Thursday, December 29, 1994

Shift Toward Neutrality In War Between Sexes

The Jewish Week, December 29, 1994


Perhaps the most universal trend seeping across the non-Orthodox world in recent years has been the shift toward gender neutrality in prayer. It was most awkward at first -- those fumbling attempts to please everyone by inventing the pronoun "S/he" when referring to God, or the clumsy shifting from third person to second person, to the replacement of "mankind" with the more generic "humankind." I had my greatest difficulty with the term "brotherhood of man."

"Siblinghood of humanity" just didn't cut it.

But now gender neutrality has become more accepted, even expected. The new Reconstructionist and Reform siddurim are most sensitive to the matter, and the Conservative movement is heading that way, too. The matriarchs, Sarah, Rebecca, Rachel and Leah, are finding their way into the Amidah right next to their famous spouses, even in Conservative texts, and that's a major change. Not long ago, none other than the chancellor of the Jewish Theological Seminary came out strongly in favor of including the matriarchs in worship at that Conservative institution. This would have been unthinkable only a few years ago.

Why has such a significant shift suddenly become so widely accepted? I think there are two major reasons.

First is the matter of language. English and Hebrew have about as much in common as Chanukah and matzah brei, and it is virtually impossible to convey the texture of Judaism accurately to the non-Hebrew speaker. Until recently, most American Jews had a grasp of at least the embers of some basic Hebrew, or at least some Yiddish that carried with it the essence of the original.

So, a generation ago, a synagogue-goer could read the prayer "Avinu Malkenu" and have some understanding that the Hebrew word av doesn't just mean "father," it also means "ancestor," and that in Hebrew the masculine form is generic. The Hebrew speaker knows that the pronouns for "he" and "she" are so closely related that simply by slicing a vav into a yod, the former becomes the latter. In a real sense, calligraphy mirrors biology, conveying the identical makeup of the sexes. Fittingly, in Torah scrolls the feminine pronoun often appears in the masculine form, with a vav instead of the expected yod, to the great frustration of even the most expert Torah reader.

Gender neutrality serves the purpose of restoring some of the delicious ambiguity of the original, enabling us to dig deeper into our souls to discover new metaphors for divinity. Our sages were never constrained by the gender biases of the King James translation as they siddur-surfed through scores of different concepts of God to find the ones that resonated best. We need to free ourselves, in any language, in our search for the sacred.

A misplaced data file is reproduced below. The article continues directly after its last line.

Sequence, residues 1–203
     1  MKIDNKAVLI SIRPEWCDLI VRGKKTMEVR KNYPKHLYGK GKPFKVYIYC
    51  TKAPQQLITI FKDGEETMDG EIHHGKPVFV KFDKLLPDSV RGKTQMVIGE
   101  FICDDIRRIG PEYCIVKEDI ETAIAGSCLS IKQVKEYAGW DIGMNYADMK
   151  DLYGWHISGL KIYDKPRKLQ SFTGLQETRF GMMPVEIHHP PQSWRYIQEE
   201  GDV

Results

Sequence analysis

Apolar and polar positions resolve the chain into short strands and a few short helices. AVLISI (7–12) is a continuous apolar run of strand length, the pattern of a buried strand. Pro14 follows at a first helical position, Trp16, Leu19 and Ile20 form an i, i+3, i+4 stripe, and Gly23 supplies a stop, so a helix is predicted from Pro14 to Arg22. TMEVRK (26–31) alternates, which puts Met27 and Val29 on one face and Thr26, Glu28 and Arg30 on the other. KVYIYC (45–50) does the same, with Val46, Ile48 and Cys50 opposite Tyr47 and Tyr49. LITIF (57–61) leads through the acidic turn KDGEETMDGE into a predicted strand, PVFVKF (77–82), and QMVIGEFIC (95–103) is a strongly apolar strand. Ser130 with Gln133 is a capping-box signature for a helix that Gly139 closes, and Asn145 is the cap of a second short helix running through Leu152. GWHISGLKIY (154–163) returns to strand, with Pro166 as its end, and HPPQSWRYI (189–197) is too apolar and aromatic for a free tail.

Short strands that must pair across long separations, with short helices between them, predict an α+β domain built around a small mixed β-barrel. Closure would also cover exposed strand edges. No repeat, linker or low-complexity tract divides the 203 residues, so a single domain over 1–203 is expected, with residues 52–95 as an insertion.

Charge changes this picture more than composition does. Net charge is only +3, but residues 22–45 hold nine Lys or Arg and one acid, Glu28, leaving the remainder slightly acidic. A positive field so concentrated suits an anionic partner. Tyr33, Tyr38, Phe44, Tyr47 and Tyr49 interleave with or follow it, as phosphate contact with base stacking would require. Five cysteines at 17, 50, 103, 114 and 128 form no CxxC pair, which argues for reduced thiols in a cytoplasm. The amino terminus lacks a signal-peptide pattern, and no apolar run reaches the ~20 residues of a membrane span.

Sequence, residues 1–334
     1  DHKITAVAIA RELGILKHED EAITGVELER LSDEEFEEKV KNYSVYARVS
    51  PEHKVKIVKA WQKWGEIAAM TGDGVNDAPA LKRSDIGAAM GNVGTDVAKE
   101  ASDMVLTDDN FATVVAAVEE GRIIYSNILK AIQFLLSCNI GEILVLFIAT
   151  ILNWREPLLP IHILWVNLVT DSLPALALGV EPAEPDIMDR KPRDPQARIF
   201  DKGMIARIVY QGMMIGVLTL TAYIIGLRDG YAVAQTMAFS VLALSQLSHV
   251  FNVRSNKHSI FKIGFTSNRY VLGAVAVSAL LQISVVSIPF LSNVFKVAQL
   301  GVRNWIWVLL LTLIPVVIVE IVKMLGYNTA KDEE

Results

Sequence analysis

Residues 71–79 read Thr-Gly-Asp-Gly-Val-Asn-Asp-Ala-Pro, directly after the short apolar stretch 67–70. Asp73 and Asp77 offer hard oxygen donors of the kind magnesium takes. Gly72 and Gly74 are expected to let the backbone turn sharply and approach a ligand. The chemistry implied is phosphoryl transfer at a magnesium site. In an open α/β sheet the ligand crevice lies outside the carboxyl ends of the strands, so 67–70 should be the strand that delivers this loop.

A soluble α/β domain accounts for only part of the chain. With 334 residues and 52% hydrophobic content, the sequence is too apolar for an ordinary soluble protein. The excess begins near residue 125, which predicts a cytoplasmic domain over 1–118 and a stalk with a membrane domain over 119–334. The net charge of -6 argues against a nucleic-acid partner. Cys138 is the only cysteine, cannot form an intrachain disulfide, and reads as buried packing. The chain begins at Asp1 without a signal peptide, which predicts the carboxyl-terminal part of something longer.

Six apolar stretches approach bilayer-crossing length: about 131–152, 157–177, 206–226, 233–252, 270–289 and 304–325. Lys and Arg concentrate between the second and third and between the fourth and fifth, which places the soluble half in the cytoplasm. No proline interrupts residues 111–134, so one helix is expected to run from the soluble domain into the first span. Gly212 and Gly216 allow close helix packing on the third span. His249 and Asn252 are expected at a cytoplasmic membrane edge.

More important than the language factor is the impact of a masculine God on society around us. In a recent essay, Dennis Prager claims that a male metaphor for God is beneficial because of our society's desperate need for compassionate male role models. While I disagree with some of his conclusions, I agree with his major premise: The example we set and the lesson we teach "in here," within the spiritual life of the synagogue, will go far to determine how people live their lives "out there," in the world.

For that reason, I take very seriously each word of every prayer that is uttered, especially when it comes to God. If children grow up believing that God is primarily male, how does that affect them? If their Jewish role models in the siddur are almost exclusively male, what is to become of girls starved for positive female role models? Does Jewish prayer encourage boys to feel inherently superior and girls to submit to the will of male authority?

Traditional prayerbooks project that impression in the morning blessings, where men thank God "for not having made me a women," and women say, "...who has made me according to His will." There are excellent traditional commentaries explaining this discrepancy in ways that satisfy many Jews. But for those from a non-Orthodox background, at least, the attitudes engendered by a He-God and patriarchal liturgy have potentially devastating implications.

A war between the sexes is being fought in this country, and the O.J. Simpson and Anita Hill episodes are only two of its most visible eruptions. What was once a matter of feminist politics is now, I believe, a question of conscience for those who shape thought, especially teachers and clergy. I cannot preach healing and discourage domestic violence if I then turn around and support a liturgy that seems to imply male dominance. But if I drive home the message that the Jewish God cannot be tied to any gender, perhaps that will help, in some small way, to breach the chasm that separates the sexes. At the very least it will encourage the abused wives of my community to seek help from their rabbi and find solace in their God.